President Bush once said something along the lines of, “We do have universal health care in this country — just go to the emergency room.”
EMTALA. The law requiring emergency rooms to treat everyone’s emergent conditions, a well meaning act that has had disastrous consequences for hospitals’ bottom lines. A disgustingly flawed law on many levels.
How do you prove it is not an emergency condition? You work it up. You rack up the tests in the ER, you even admit the patient and rack up the costs again.
How do you really rule out an emergency condition? You wait, you watch, you wait, you maybe run some tests again, you wait some more. Which means that someone is occupying a valuable bed in your ER. Leading to ED overcrowding.
How do you prevent lawsuits? You treat everyone. Even if it is that homeless man who comes every other day via ambulance just for his sandwich and a bed for a few hours with no immediately treatable medical condition.
What about the drunk driver or the guy who was stabbed? Their insurance is not going to cover their care. You treat them anyway, because that’s the right thing to do, but in states without no-fault mechanisms and when the patient can’t pay, the hospital loses.
Leading to uncompensated care. Hospitals have to provide the care to everyone, regardless of if they can pay or not. EMTALA is a federal law, which has become an unfunded mandate. Not all who are treated at the ER will qualify for emergency Medicaid or have their care paid for in some way by somebody. So the hospital eats the costs and the physicians provide free care. The federal government does pay for some of these patients’ care but not all, and then hospitals feel the pressure of the financial strain.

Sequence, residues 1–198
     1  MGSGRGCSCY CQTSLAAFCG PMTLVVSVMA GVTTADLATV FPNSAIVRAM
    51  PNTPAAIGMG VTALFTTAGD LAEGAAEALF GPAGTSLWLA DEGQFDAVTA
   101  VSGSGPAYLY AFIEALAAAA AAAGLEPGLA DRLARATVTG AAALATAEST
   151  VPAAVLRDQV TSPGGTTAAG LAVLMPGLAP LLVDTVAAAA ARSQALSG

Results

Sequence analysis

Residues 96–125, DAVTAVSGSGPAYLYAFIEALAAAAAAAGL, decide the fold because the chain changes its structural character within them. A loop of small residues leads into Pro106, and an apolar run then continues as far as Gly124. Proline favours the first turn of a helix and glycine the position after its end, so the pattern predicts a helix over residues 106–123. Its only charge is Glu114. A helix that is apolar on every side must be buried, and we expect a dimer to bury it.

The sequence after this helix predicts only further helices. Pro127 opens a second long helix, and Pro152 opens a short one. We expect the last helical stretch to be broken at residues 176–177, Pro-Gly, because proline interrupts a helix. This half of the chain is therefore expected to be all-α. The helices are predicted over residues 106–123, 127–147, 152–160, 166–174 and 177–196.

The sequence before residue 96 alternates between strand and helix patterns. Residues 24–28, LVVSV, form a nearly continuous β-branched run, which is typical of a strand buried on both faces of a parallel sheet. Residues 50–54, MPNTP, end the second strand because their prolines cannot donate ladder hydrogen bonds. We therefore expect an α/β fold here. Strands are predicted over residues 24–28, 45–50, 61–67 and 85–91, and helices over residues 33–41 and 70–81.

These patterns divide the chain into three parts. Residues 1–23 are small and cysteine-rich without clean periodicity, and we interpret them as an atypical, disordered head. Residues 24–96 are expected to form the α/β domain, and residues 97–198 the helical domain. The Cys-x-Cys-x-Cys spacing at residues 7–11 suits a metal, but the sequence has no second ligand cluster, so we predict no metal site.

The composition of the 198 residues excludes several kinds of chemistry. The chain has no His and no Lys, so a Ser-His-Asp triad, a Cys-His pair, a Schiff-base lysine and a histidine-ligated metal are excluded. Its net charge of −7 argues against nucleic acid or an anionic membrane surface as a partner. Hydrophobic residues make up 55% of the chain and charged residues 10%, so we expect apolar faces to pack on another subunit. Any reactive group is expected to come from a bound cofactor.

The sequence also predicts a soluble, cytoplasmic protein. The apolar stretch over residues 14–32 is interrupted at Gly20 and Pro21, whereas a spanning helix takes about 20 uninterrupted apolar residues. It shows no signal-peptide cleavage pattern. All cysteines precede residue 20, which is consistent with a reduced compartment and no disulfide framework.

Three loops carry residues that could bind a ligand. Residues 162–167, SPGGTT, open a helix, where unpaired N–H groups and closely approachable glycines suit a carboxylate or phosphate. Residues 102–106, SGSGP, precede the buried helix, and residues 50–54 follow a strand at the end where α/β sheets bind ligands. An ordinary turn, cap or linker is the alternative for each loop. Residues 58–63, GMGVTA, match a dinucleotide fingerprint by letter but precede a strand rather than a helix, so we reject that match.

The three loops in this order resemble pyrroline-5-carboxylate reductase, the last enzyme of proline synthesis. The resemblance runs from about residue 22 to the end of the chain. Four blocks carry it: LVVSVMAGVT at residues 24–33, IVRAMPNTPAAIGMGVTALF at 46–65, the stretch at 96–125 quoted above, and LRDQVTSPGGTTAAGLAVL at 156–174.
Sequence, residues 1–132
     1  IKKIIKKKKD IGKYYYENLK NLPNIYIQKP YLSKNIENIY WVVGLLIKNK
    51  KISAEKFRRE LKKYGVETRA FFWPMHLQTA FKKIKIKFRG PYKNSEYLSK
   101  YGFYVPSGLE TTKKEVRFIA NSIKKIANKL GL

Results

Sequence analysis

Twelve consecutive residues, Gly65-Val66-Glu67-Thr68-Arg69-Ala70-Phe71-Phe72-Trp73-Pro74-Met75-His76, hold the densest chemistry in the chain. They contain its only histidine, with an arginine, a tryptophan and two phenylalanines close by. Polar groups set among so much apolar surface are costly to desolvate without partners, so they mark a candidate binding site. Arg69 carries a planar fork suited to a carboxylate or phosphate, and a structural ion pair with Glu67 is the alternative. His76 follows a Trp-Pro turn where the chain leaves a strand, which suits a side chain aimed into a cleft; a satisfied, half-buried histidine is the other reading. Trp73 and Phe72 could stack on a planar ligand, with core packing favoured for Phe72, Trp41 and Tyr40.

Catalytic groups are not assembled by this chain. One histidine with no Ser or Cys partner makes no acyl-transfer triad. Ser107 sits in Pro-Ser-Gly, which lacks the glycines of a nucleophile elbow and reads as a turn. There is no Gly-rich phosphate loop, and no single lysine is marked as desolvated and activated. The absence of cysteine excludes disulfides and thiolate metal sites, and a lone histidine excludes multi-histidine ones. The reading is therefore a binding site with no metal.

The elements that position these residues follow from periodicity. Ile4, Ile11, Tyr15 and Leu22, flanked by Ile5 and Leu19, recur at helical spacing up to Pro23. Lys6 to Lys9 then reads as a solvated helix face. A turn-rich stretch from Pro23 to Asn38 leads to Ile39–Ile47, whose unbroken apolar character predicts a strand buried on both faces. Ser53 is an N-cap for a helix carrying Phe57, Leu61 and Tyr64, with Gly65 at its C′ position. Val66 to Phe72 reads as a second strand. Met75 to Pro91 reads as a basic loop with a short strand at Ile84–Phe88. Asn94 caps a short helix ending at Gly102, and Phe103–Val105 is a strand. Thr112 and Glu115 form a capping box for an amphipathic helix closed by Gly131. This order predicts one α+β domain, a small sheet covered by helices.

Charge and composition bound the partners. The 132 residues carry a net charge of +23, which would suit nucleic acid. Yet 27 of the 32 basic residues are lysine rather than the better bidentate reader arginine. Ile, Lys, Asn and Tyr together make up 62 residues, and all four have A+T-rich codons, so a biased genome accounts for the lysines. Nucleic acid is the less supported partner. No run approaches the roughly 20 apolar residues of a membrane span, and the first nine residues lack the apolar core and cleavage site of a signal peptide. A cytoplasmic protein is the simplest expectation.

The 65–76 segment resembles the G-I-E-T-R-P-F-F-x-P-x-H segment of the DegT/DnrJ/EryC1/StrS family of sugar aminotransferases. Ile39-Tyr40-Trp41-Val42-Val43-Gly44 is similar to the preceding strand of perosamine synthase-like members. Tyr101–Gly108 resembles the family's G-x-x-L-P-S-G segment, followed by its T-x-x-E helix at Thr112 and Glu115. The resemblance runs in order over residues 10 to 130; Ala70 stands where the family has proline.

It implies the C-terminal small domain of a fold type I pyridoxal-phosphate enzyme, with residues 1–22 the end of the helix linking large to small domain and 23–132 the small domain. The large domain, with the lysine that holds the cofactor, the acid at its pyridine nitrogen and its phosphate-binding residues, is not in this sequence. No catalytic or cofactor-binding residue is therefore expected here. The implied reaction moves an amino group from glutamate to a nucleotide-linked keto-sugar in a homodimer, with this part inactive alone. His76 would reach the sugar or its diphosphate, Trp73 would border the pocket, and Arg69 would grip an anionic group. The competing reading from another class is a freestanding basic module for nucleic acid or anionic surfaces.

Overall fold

Like Atlanta’s public Grady Hospital. A safety-net hospital that many uninsured and undocumented rely upon. A safety-net that became a little less comprehensive now that it had to close it’s outpatient dialysis center, which treats those with end-stage renal disease. ESRD dialysis is usually covered by Medicare (one of the few costs covered for people of all ages, not only those over 65). But illegal immigrants aren’t eligible for Medicare or any of the new federal funding under the new health care law.
The agreement would not address the broader concern of how to care for illegal immigrants in the region who have developed renal disease since the Grady clinic’s closing, or those who will do so in the future. At the moment, their only option may be to wait until they are in distress and then visit hospital emergency rooms, which are required by law to provide dialysis to patients who are deemed in serious jeopardy.
Of course, waiting until you are in distress instead of receiving regular dialysis wreaks havoc on your body. It takes much more time and much more aggressive treatment — inpatient, which is much more expensive — to deal with the state of your health after missed dialysis sessions.
The problem isn’t with the intent of EMTALA — we shouldn’t deny life-saving care based on someone’s ability to pay or their immigration status. The problem is in EMTALA’s funding … and the fact that it is not funded. The government is telling hospitals to fend for themselves on this one. And more and more hospitals are finding themselves unable to stay afloat, further threatening the safety net of community care.
Suchita Shah is a medical student who blogs at University and State.
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